In today's news: Japan's radiation-spewing reactors get power but not repairs, hybrid cars made in Japan are selling fast, AT&T's merger with T-Mobile might help its customers (or it might not), Sprint and Google team up, and home sales - and prices - are down.
While power is gradually being restored to Japan’s damaged nuclear reactors, the ordeal is far from over. “Restoring the power to all six units at the tsunami-damaged complex is key, because it will, in theory, power up the maze of motors, valves and switches that help deliver cooling water to the overheated reactor cores and spent fuel pools,” the Associated Press reports. But “in another setback, the plant’s operator said Monday it had just discovered that some of the cooling system’s key pumps at the complex’s troubled Unit 2 are no longer functional – meaning replacements have to be brought in.”
Rising gas prices and the Japanese earthquake have made hybrid cars a hot commodity. “Americans have begun snapping up Toyota Prius, Honda Fit and other fuel-efficient models made only in Japan,” USA Today reports. “The intensity first spurred by rising gas prices has been amplified by predicted shortages of many models as the Japanese auto industry remains disrupted by the March 11 earthquake and its aftermath.”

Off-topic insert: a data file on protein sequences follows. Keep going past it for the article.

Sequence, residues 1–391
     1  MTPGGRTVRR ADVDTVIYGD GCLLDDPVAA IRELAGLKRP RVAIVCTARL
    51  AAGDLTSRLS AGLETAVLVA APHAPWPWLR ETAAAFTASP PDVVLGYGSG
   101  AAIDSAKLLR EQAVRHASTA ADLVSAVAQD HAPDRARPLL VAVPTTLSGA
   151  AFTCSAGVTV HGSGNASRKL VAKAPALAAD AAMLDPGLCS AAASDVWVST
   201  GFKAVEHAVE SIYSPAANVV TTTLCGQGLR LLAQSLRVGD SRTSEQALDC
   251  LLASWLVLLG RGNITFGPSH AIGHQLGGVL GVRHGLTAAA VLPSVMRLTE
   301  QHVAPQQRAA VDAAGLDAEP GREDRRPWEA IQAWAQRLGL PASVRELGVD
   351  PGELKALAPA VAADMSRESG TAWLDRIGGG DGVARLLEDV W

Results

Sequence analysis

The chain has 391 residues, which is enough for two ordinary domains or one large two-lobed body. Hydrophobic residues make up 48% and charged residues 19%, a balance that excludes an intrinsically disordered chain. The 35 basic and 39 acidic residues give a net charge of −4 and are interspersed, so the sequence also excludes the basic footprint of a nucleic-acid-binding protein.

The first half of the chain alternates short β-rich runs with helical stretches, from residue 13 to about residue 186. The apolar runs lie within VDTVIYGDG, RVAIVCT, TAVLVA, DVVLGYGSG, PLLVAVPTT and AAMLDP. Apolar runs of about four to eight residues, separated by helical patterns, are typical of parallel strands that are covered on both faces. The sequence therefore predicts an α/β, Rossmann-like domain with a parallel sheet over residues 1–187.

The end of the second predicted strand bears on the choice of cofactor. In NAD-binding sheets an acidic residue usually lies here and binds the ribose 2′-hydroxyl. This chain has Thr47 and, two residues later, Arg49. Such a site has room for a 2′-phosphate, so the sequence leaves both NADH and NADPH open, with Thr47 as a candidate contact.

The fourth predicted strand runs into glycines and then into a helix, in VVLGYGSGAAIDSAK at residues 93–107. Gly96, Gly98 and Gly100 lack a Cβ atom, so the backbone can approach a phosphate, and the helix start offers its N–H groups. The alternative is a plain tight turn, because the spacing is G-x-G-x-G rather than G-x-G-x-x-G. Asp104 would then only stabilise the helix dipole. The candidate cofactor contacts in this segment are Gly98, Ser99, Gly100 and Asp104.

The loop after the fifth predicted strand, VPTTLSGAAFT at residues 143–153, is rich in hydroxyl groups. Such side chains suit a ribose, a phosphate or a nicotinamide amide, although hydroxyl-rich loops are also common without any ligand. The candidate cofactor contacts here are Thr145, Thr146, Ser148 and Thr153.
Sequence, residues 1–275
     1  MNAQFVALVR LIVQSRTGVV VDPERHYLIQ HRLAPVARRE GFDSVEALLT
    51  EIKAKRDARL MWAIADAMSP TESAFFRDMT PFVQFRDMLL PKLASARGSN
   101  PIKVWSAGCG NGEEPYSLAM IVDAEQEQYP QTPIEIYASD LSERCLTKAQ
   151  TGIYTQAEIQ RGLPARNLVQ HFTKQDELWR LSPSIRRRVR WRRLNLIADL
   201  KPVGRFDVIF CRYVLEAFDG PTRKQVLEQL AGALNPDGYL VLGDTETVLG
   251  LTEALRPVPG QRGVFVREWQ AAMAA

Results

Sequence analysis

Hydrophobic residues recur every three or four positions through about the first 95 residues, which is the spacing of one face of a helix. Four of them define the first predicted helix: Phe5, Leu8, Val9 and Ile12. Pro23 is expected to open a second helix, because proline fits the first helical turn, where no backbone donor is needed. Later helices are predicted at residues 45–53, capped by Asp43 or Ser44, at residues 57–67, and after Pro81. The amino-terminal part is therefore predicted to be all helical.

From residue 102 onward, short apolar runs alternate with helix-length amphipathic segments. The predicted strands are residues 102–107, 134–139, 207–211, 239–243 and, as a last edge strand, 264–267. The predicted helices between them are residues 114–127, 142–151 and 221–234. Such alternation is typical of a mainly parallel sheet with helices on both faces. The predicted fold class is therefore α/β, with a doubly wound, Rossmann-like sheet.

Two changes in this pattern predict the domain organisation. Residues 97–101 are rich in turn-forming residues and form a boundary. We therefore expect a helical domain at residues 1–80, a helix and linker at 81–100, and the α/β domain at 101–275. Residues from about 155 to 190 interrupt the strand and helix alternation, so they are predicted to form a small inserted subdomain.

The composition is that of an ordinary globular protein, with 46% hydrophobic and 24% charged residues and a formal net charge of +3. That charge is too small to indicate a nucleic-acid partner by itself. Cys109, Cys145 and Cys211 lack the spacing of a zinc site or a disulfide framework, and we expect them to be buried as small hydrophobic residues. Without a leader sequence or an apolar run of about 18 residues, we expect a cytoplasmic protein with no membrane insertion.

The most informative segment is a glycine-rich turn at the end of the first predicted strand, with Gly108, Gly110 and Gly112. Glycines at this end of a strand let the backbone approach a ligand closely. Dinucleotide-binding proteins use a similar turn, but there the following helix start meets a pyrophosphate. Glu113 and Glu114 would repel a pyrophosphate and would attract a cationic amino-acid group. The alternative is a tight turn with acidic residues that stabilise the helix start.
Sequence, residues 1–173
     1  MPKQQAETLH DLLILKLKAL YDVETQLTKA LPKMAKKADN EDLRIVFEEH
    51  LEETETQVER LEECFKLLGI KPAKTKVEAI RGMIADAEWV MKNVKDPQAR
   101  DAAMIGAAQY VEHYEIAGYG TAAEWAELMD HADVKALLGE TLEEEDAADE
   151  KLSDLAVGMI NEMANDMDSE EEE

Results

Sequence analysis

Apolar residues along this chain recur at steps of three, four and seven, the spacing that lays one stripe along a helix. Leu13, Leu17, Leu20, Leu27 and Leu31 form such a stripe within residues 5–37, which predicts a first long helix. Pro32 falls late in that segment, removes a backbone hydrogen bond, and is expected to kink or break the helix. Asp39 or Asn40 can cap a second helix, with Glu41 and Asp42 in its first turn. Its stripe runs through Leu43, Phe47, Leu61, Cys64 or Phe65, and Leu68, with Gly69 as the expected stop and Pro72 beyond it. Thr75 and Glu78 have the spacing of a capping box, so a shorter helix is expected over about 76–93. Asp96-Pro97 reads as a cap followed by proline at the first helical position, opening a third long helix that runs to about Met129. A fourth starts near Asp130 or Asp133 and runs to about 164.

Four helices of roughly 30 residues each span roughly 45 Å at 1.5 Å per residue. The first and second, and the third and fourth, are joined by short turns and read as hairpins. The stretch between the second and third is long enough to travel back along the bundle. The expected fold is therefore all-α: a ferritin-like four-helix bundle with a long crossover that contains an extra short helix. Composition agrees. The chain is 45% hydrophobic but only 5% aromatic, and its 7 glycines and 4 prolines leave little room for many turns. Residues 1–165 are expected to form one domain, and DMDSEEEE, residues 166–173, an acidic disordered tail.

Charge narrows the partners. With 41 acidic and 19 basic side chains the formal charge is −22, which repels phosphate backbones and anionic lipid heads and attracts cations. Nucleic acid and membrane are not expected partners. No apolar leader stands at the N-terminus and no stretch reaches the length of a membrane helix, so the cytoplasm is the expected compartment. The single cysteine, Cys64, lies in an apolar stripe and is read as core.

When AT&T announced it was buying T-Mobile, the big news wasn’t the price tag – $39 billion. It was the result: the nation’s largest cell phone company with 130 million customers. But will the deal, still under government scrutiny, help those customers? “Consumer rights groups have denounced it as harmful to competition,” CNN Money reports. “AT&T and T-Mobile have defended it as the product of economic logic and a long-term boon for their customers.”
COMMUNICATIONS: Sprint teams up with Google Voice
While AT&T and T-Mobile get most of the media attention, another development in telecommunication might also be significant. “Google and Sprint just announced that the two companies would soon be integrating their voice services,” CNN Money reported yesterday. This could allow cell phone users to access a host of never-before-seen services.
While economists have predicted an uptick in jobs this year, they were surprised by February’s drop in the sale of previously owned homes. “Purchases decreased 9.6 percent to a 4.88 million annual rate, less than the 5.13 million median forecast of economists,” Bloomberg reports, “sending prices to the lowest level since 2002 and indicating the market is struggling to recover.”